New exhibit offers hope in a changing world
By Chloe Bennett
This summer is set to be the hottest on record in the Adirondacks as the effects of climate change escalate locally and globally. The warming temperatures touch all corners of the natural world, triggering extreme weather, pollution-related health effects and more.
The consequences of climate change and its prominence in the news cycle have led to a phenomenon Yale Climate Connections called “climate doomism,” describing the feeling of helplessness after reading climate-related news. Stories of reforestation, carbon capture and other solutions may not receive the same attention, the Yale report states.
That’s why The Wild Center in Tupper Lake got to work developing a space to present the issue to the public.
The natural history museum’s new exhibition, Climate Solutions, fills 3,000-square-foot space with stories of people in the North Country working to mitigate the effects of climate change. The exhibit, divided into four sections, delves into food, energy, the natural world and action items for visitors to take. Portraits and audio stories from 12 Adirondack locals, displayed along the walls, feature farmer Birch Kinsey, ecologist Michale Glennon and documentarians Blake Lavia & Tzintzun Aguilar-Izzo.
Nearly every inch of the space is dedicated to solving the climate crisis. Interactive stations with information about the local environment and climate science are found within the four sections. A wall of moss in the shape of the Adirondack Park shows different levels of carbon storage from trees and other natural features across the park.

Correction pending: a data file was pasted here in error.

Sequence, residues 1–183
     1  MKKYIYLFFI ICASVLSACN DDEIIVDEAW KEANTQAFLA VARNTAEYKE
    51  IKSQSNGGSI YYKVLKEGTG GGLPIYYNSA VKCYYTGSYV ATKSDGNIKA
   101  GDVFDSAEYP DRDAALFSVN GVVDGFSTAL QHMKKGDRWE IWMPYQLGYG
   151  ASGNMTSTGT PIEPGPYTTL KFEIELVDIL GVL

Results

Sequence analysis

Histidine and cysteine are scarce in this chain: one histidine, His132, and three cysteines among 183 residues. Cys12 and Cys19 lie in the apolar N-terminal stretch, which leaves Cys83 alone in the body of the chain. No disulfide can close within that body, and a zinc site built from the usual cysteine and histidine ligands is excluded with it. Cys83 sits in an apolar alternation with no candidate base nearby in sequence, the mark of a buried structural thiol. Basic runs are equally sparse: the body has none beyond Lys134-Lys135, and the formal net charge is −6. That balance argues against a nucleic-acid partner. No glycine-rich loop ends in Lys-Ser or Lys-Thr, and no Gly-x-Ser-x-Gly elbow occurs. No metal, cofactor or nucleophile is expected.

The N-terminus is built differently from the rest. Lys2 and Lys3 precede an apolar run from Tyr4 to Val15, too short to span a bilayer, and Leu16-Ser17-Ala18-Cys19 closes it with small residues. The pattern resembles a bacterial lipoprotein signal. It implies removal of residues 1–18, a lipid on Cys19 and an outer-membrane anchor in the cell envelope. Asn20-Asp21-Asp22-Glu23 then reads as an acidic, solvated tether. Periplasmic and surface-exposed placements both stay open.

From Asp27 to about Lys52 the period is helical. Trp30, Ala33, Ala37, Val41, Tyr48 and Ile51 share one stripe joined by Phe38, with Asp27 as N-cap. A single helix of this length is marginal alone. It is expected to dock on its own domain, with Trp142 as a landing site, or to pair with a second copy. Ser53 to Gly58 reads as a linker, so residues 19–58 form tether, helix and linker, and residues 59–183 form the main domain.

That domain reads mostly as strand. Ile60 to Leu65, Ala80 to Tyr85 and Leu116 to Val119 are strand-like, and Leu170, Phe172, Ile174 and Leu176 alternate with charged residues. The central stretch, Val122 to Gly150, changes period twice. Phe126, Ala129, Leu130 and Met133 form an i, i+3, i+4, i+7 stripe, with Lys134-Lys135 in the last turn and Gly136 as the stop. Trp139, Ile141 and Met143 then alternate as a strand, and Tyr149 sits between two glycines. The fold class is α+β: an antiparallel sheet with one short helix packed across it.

The exhibit room is located in the middle of the museum’s exhibit section, signifying the organization’s overall goal of conservation.
“Our mission is to inspire people to find the nature in their own backyards, to be passionate about nature, and it’s hard to have those discussions about nature without thinking about climate,” Nick Gunn, the organization’s marketing director said. “It’s all wrapped into one.”
Two days before the exhibit opened to the public, workers were putting final touches on the stations. Charlie Reinertsen, exhibit developer and project manager, said he was eager for visitors to see the results of two years’ of work by the museum staff.
“This team has just been incredible, the facilities team that’s on fabrication has just been pulling long hours,” he said. “And their level of detail, of making sure everything is just so, is incredible.”
The idea for the exhibit started as an offshoot of Youth Climate Summits hosted by The Wild Center, which have taken place since 2009. Hillarie Logan-Dechene, deputy director of the organization, said the team realized it needed a physical space for climate education and solutions because of the high volume of people, reaching over 100,000, who visit each year.
“There’s no silver bullet for climate change but there are science-based solutions that can be scaled up or down, depending on where you are in the world,” Logan-Dechene said.
Reinertsen, who interviewed the climate workers featured in the exhibit, said he looked for people who reflect the overall population to help motivate visitors to take action.
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You’ll find folks who have lived in the Adirondacks their whole lives. folks who have moved here, and Indigenous members of the community here, Black, brown people,” Reinertsen said. “And that was really important to us to do that.”
Children, teenagers and older visitors worried about their futures on the planet were the primary drivers behind the exhibit’s content. Gunn said he hoped the solutions detailed within the space would appeal to people who are daunted by the enormous issue of climate change.
“I think when most people hear about climate change, it creates a sense of anxiety or fear.,” he said. “What we want to present is that there are things happening, not only globally, but right here in the Adirondacks where they can find hope. The solutions are right in front of us, you just need to scale them up.”
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